One can’t help but admire Locke’s dedication to his principles, his work, and his readers. So it is only fitting that he is about to embark on a groundbreaking and industry-changing partnership with Simon & Schuster. Locke’s Donovan Creed novel Wish List hits bookstores everywhere on February 1st.

“To the best of my knowledge this is the first time this has ever happened,” Locke says of the distribution deal. “I write my book under my imprint and Simon & Schuster distributes it throughout the country. I am able utilize a distribution network that gives me access to bookstores and retail outlets all over the country that aren’t usually available to self-published authors. This is a fantastic opportunity that lets self and established publishers do what we do best.”

So what does this mean for Locke’s current and future books?

“I retain all the rights to all of my books,” he explained, “and I’m going to continue everything I’ve been doing with my electronic books. I will probably raise my eBook prices as the new books come out so I’m not working against the distribution deal. For example, I just raised the price of Wish List to $2.99 (the paperback price is $4.99). I’ll possibly start raising my eBook prices after my loyal group of readers has had a chance to buy them at 99 cents.”

Sounds like a win-win. Locke is very excited about the partnership and the paperback debut of Wish List this month (see below for more details). “Simon & Schuster has done a great thing,” Locke stated. “They recognize that the face of publishing is changing and they are willing to adapt to that change and lead the way into the future of publishing.”

With an initial print run of 750,000 books, Simon & Schuster certainly has faith in Locke and in their new venture. Locke believes that similar partnerships between authors and publishers will be the wave of the future.

“If I look at it as a businessman, publishing companies will have to significantly lower their overhead, bring down advances, give authors a bit more as they earn it instead of up front, and allow authors more freedom to operate. Publishers will spend less on ads, and authors will do more promoting,” Locke predicted.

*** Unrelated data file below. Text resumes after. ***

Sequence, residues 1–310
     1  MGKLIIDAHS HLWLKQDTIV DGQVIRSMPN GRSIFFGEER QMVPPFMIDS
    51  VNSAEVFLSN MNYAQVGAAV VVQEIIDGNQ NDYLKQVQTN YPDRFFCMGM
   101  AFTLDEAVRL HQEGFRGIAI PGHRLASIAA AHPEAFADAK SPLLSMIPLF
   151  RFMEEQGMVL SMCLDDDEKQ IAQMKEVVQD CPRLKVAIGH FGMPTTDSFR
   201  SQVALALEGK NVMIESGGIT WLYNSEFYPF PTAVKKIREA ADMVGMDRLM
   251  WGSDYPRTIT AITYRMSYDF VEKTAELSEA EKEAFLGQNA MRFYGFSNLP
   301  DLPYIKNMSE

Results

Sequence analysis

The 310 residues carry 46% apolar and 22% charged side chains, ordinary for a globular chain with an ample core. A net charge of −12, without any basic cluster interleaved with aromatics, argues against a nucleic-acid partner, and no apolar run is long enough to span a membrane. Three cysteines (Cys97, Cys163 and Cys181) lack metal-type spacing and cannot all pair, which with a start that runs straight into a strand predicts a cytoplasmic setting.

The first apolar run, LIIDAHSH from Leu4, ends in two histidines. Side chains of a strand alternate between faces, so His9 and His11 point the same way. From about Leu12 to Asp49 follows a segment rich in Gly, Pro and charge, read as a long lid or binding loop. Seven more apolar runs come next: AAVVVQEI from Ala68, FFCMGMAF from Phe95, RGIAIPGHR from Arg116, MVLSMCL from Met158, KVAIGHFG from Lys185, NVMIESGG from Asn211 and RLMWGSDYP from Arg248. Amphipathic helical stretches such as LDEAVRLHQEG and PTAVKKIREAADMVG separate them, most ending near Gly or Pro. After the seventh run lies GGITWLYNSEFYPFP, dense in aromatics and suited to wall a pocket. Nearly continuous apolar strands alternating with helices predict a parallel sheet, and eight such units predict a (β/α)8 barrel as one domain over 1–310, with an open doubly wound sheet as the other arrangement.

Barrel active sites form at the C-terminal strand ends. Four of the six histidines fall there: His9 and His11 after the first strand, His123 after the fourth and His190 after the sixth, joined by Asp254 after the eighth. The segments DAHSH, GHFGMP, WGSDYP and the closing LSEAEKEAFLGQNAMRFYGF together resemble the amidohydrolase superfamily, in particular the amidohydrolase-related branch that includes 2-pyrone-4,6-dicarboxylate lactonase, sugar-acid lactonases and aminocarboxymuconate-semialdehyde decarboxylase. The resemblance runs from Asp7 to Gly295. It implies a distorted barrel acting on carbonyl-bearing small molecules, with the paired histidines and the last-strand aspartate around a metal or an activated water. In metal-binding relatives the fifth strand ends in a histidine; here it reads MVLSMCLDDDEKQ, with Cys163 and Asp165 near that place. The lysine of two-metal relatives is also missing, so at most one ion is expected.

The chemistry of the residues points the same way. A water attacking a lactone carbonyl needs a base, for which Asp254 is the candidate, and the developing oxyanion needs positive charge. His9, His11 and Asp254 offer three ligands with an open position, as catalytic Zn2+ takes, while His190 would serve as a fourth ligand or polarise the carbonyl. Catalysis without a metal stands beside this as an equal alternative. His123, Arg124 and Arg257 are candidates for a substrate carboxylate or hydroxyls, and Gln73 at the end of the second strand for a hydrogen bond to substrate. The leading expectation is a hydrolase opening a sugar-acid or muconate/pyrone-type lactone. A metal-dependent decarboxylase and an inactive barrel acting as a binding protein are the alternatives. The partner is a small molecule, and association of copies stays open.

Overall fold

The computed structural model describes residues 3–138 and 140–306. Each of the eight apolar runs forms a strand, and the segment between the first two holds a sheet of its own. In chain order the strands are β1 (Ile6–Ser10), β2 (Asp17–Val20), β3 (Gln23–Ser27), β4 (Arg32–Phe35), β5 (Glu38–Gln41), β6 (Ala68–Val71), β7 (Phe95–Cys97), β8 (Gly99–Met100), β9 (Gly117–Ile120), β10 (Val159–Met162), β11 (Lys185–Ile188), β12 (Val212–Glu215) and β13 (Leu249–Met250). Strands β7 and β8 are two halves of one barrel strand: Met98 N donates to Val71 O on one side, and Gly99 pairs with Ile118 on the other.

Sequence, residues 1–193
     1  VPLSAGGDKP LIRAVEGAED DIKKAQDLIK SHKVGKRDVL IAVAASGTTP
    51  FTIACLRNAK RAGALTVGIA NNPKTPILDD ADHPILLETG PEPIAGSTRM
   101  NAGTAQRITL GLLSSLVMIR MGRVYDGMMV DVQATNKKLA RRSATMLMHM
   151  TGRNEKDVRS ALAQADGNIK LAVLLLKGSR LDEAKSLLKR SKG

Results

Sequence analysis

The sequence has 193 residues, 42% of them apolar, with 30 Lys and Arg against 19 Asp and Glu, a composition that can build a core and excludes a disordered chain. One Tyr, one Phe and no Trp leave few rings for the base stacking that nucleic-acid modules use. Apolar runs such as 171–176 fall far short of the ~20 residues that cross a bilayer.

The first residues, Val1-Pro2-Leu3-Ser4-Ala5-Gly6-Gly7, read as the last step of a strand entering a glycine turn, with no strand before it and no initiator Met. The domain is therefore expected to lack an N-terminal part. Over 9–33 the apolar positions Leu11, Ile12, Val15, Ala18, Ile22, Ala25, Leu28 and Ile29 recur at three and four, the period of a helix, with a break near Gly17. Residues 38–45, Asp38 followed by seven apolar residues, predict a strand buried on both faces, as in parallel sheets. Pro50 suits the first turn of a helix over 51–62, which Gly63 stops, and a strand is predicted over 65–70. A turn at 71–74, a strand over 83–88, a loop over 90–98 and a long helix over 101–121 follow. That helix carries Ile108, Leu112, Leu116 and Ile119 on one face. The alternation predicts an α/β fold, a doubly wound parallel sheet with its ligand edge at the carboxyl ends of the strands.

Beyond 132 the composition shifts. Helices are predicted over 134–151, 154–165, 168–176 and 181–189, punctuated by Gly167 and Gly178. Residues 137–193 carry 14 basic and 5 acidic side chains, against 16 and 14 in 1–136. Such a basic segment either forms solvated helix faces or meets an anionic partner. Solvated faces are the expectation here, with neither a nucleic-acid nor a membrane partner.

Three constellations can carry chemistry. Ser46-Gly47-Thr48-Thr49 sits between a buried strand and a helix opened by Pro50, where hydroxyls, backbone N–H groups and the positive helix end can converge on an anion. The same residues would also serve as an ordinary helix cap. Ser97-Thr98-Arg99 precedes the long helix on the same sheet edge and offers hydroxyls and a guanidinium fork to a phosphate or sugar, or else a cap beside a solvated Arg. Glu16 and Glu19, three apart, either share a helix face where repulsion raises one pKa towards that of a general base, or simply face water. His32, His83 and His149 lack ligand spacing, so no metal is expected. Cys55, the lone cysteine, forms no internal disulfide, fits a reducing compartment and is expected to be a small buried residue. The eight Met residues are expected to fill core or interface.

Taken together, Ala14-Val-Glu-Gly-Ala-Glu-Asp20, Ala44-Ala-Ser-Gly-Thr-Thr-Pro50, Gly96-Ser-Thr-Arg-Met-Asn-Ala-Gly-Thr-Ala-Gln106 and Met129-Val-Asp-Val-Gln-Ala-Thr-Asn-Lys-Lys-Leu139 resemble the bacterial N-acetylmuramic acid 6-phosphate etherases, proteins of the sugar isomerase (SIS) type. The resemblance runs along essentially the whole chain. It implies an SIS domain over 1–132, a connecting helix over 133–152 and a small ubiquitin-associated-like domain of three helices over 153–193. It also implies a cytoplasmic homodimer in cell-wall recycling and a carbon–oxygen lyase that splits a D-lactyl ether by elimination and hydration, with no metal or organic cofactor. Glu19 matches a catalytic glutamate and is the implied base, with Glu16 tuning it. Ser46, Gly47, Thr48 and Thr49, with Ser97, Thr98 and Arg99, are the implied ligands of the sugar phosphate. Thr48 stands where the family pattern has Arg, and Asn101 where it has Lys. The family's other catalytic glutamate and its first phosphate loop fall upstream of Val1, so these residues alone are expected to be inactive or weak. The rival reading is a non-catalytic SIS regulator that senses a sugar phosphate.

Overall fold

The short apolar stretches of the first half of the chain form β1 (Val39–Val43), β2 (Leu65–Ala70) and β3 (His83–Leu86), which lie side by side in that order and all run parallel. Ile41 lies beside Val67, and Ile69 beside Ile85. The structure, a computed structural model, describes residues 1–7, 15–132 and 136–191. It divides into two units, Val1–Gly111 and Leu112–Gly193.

Whether or not this model comes out on top, Locke has been quite a game changer. I was curious to know how he thinks his influence will affect writers and publishers to come.

“There are two kinds of legacies, professional and personal,” he said. “Professionally, I want to be remembered as the guy who gave self-published authors hope and encouragement. Right now self-publishing is still considered vanity publishing. I want to get that impression away from the public. I would love to see more self-publishers succeed and I want to tell them they can achieve their dreams. It’s hard, but that doesn’t mean you shouldn’t give it your best shot.”

“As for a personal legacy, Locke continued, “I like that my books will survive me and will be around forever, especially in electronic form. I think that’s a great way to be immortal. And it’s also a nice way to chronicle what crazy Grandpa John used to think,” he joked.

Locke’s three popular series, his bestselling How I Sold 1 Million eBooks in 5 Months! and more have secured his place among readers for years to come. Despite all the well-rewarded effort and, let’s be honest, good luck along the way, Locke remains humble about his success. “I don’t want to be a great writer,” he said, “I just want to be an effective writer.” And Locke is nothing if not that.

Wish List

byJohn Locke

This edition: Paperback, 300 pages
Publication date: January 31, 2012
Price: $4.99

Featuring Donovan Creed, ex-CIA assassin and hit man with a heart of bronze and a weakness for hookers, Wish List is a rambunctious, nail-biter of a laugh-out-loud thriller.






* * * * *

Jillian Bergsma is a writer and contributing editor for Independent Publisher. She graduated from the University of Michigan with a degree in English. She welcomes any questions or comments on her articles at jbergsma (at)